John E. Kieronski, Plaintiff-appellant, v. Wyandotte Terminal Railroad, Co., Defendant-appellee, 806 F.2d 107 (6th Cir. 1987)Annotate this Case
Mikael G. Hahner, Harvey M. Howitt, Bernstein & Bernstein, P.C., Detroit, Mich., Michael Cantor, argued, for plaintiff-appellant.
T. Patrick Durkin, Durkin, McDonnell & Clifton, Detroit, Mich., Joseph McDonnell, argued, for defendant-appellee.
Before LIVELY, Chief Judge, and KENNEDY and BOGGS, Circuit Judges.
BOGGS, Circuit Judge.
Plaintiff-Appellant, John E. Kieronski, was injured during the course of his employment with Defendant-Appellee, Wyandotte Terminal Railroad Company ("Wyandotte"). Kieronski subsequently sued Wyandotte in federal district court for compensation under the Federal Employers' Liability Act, 45 U.S.C. §§ 51-60 ("FELA"). At a pre-trial conference, the district court ordered the parties to brief several issues, including whether Wyandotte was a "common carrier" within the meaning of the FELA (the FELA applies only to common carriers by railroad). After reviewing the parties' briefs and memoranda, and after having additional discussions with counsel for both parties, the district court, sua sponte, dismissed the action, concluding that Wyandotte was not a "common carrier" within the meaning of the FELA. Kieronski appeals to this Court from that dismissal. For the reasons set forth below, we affirm.
Wyandotte was, at the time of Kieronski's injury, a wholly-owned subsidiary of BASF Wyandotte Corporation ("BASF"). Originally, Wyandotte's railroad line was on two parcels of property owned by BASF, and its operations were almost entirely concerned with in-plant switching for BASF. At one parcel, Wyandotte's tracks connected to and Wyandotte received cars from the Detroit, Toledo & Ironton Railroad. At the other parcel, Wyandotte's tracks connected to and Wyandotte received cars from Consolidated Rail Corporation. Wyandotte also had trackage rights over a short stretch of track owned by the Detroit, Toledo & Ironton Railroad, so that it could travel between the two parcels of land to perform switching duties at both locations. BASF subsequently sold portions of its property to Diversey Wyandotte Corporation and to Du Pont Carbide. As a part of the purchase agreement, BASF arranged to have Wyandotte switch the purchasers' rail cars as well as those of BASF.
The sole issue on appeal is whether the district court erred in concluding that Wyandotte is not a "common carrier" within the meaning of the FELA. A railroad may be liable, under the FELA, for on-the-job injuries sustained by employees, and it is undisputed that Wyandotte conducts railroad operations; however, liability under the FELA is expressly limited to railroads that are also common carriers. Specifically, the FELA provides, in relevant part, that--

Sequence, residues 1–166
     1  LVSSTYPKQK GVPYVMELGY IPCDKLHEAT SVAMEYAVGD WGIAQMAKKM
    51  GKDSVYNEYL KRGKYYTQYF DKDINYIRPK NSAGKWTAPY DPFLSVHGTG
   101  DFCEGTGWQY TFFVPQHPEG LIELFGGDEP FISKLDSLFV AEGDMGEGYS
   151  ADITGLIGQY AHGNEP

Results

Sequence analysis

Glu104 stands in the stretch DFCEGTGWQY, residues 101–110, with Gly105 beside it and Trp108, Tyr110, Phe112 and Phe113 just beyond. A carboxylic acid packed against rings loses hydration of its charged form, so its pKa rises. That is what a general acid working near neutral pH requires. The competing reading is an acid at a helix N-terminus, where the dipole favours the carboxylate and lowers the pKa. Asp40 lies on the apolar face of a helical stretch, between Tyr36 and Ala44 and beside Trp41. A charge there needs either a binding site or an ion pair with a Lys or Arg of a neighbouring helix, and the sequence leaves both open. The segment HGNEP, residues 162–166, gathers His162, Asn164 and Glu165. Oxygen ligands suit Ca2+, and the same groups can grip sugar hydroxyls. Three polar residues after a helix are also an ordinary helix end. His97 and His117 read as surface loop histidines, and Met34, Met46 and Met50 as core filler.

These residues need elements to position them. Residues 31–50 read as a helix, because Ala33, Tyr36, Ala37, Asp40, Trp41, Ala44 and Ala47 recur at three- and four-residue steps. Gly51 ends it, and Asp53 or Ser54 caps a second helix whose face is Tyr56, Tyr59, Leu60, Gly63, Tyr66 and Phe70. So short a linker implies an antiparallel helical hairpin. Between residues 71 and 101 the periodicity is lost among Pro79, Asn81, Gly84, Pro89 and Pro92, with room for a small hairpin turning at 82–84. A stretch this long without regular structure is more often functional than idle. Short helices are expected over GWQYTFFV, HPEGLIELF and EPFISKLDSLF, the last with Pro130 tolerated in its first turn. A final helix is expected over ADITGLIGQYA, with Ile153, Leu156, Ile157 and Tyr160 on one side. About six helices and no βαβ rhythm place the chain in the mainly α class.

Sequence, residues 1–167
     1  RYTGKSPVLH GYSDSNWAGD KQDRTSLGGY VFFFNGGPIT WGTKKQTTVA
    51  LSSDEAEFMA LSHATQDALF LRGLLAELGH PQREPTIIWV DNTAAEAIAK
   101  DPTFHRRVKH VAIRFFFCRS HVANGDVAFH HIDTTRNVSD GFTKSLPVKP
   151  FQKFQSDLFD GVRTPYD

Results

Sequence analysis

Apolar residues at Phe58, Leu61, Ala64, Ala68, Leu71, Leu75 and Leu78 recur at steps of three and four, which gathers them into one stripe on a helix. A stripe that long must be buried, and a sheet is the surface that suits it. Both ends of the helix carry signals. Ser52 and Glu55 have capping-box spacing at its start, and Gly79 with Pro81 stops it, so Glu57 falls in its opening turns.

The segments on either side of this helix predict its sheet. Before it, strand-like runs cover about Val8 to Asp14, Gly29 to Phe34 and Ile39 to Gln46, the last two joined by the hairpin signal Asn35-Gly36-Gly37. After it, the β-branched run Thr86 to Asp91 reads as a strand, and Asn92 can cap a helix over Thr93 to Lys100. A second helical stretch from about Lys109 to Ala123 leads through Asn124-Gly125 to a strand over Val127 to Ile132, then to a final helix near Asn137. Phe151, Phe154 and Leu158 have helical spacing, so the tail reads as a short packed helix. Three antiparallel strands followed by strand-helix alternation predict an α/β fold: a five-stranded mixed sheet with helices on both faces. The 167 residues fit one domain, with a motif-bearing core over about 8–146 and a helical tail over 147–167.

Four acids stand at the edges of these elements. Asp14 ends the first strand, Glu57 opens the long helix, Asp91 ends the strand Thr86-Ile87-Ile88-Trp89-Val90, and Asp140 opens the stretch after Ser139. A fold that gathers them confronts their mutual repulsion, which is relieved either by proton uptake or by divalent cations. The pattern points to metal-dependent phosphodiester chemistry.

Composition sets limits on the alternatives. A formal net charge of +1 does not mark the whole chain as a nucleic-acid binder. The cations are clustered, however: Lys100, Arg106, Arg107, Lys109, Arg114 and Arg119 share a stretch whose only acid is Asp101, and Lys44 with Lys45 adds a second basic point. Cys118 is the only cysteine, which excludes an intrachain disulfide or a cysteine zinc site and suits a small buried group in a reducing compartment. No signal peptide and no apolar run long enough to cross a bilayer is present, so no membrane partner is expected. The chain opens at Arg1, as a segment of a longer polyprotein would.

[e]very common carrier by railroad while engaging in [interstate] commerce ... shall be liable in damages to any person suffering injury while he is employed by such carrier in such commerce....
45 U.S.C. § 51. A common carrier has been defined as--
one who holds himself out to the public as engaged in the business of transportation of persons or property from place to place for compensation, offering his services to the public generally. The distinctive characteristic of a common carrier is that he undertakes to carry for all people indifferently, and hence is regarded in some respects as a public servent.
Kelly v. General Electric Co., 110 F. Supp. 4, 6 (E.D. Pa.), aff'd, 204 F.2d 692 (3d Cir.), cert. denied, 346 U.S. 886, 74 S. Ct. 137, 98 L. Ed. 390 (1953).
The district court below relied on Lone Star Steel Co. v. McGee, 380 F.2d 640 (5th Cir.), cert. denied, 389 U.S. 977, 88 S. Ct. 480, 19 L. Ed. 2d 471 (1967), in determining that Wyandotte was not a "common carrier," and described Lone Star as setting forth a "four-part test" to be used in determining whether a particular rail facility is a "common carrier by railroad," that is--
First--actual performance of rail service, second--the service being performed is part of the total rail service contracted for by a member of the public, third--the entity is performing as part of a system of interstate rail transportation by virtue of common ownership between itself and a railroad or by contractual relationship with a railroad, and hence such entity is deemed to be holding itself out to the public, and fourth--rumuneration [sic] for the services performed is received in some manner, such as a fixed charged from a railroad or by a percent of the profits from a railroad.
380 F.2d at 647. The district court then concluded that Wyandotte was not a "common carrier by railroad," because Wyandotte did not fulfill the third criterion of the "test."